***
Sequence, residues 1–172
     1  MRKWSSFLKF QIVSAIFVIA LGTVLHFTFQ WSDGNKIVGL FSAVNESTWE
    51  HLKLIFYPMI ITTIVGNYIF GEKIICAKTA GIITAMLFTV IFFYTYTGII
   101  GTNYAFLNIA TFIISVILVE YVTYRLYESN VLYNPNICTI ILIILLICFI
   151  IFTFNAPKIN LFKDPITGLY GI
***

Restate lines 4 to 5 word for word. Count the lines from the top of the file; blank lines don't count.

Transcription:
   101  GTNYAFLNIA TFIISVILVE YVTYRLYESN VLYNPNICTI ILIILLICFI
   151  IFTFNAPKIN LFKDPITGLY GI